With the warmer weather finally rearing its head, the 400-strong team over at Hillwood Berries are hard at work picking and sorting the farm's expanse of ripening strawberries.
As the operation began gearing back up over the last few weeks, the farm has welcomed the return of another 100 seasonal workers who were transferred over to Queensland earlier this year to pick fruit in Tasmania's off season.
Many of the returning workers are familiar faces, as Hillwood Berries manages its own seasonal workforce, instead of using a third-party recruiter.
According to Hillwood Berries farm manager Simon Dornauf, establishing a more direct connection with their workers has been an important aspect of the fast-growing business.
"From full-time through to our seasonal workers - we can treat everyone the same and they know who's looking after them," he said.
That direct employment strategy forced the business to pivot drastically in the past two years after hundreds of the farm's fly-in workers from the Pacific Islands became stranded in Tasmania during the pandemic.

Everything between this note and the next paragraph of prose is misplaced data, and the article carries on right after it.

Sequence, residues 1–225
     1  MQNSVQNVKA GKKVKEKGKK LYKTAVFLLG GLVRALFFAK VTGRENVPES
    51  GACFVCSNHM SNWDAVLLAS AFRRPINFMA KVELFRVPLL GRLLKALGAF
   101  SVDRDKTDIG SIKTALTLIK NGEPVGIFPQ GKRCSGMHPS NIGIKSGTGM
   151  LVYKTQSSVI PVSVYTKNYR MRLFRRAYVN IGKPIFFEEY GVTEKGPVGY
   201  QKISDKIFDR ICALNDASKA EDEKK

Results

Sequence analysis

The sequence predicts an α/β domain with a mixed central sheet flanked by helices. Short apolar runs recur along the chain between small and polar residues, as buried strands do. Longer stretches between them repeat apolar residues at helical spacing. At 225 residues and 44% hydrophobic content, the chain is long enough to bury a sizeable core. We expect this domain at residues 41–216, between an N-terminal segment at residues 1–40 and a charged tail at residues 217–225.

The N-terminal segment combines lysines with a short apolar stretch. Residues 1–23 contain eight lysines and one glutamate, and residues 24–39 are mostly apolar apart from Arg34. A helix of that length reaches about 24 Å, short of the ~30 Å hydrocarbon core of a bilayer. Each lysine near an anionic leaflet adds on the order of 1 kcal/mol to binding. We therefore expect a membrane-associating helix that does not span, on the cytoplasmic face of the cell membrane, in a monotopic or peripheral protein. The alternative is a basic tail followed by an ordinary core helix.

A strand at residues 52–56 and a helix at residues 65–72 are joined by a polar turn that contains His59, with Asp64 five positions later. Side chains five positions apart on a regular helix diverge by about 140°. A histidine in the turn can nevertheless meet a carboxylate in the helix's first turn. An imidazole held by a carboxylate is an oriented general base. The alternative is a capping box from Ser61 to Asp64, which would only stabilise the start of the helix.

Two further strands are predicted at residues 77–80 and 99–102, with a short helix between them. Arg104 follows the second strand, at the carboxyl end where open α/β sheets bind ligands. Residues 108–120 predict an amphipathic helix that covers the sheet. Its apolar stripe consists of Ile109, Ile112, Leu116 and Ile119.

About 250 of the farm's workforce have been unable to return either due to hard border restrictions or fearing that once out of Australia they would be unable to return to work in the following season.
Despite the challenge, however, the Hillwood Berries team have endeavoured to support an inflated roster of employees.
"COVID obviously threw a spanner in the works but it's also been a great opportunity for them to continue to work and make even more money than they would have in a normal season," Mr Dornauf said.
At first, managing the bolstered workforce presented a few logistical challenges for the farm, but ultimately the stranded workers have helped alleviate a nationwide labour shortage.
"When things have been quiet here, we've been sending people out to apple orchards and vineyards to help them out. We've also worked with growers in Queensland so our workers could go over and pick there in the off season," he said.
One of the farm's stranded workers is Delfin da Silva, who has not returned to East Timor and his four grown children since 2019.
If borders are fully opened, Mr da Silva and many of his co-workers will be chartered back to visit their homes and families in April of next year, but like many of the farm's seasonal staff, Mr da Silva remains eager to return to Hillwood next season.
"Hillwood is a good company - it feels like a second home. I will come back here again," Mr da Silva said.
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